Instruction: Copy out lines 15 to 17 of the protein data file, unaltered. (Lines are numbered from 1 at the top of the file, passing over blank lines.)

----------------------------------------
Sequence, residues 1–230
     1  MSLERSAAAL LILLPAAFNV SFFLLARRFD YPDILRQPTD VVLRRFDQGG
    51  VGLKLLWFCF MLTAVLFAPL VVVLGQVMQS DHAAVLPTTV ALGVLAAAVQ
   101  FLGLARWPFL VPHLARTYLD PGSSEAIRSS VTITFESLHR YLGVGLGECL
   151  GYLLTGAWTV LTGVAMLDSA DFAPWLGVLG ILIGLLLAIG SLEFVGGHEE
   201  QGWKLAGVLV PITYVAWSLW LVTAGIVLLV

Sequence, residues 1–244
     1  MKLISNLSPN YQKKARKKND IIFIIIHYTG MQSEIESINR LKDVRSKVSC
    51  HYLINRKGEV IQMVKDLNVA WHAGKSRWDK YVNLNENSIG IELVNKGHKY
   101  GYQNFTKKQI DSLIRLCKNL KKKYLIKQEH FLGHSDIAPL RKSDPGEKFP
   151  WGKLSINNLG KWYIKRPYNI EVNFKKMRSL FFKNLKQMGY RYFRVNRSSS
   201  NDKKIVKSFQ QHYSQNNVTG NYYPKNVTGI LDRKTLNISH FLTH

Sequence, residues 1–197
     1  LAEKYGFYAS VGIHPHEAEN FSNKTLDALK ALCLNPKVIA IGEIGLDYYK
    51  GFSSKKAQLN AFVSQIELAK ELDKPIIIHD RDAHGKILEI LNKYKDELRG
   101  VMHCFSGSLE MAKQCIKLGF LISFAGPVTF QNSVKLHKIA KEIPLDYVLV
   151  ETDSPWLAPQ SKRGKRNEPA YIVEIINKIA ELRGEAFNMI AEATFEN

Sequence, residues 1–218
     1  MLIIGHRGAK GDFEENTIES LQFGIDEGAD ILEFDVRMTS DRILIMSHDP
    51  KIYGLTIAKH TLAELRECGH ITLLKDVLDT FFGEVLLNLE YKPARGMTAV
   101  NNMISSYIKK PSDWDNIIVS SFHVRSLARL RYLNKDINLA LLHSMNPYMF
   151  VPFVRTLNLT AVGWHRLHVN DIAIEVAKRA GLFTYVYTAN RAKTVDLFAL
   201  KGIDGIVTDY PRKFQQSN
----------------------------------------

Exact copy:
    51  GFSSKKAQLN AFVSQIELAK ELDKPIIIHD RDAHGKILEI LNKYKDELRG
   101  VMHCFSGSLE MAKQCIKLGF LISFAGPVTF QNSVKLHKIA KEIPLDYVLV
   151  ETDSPWLAPQ SKRGKRNEPA YIVEIINKIA ELRGEAFNMI AEATFEN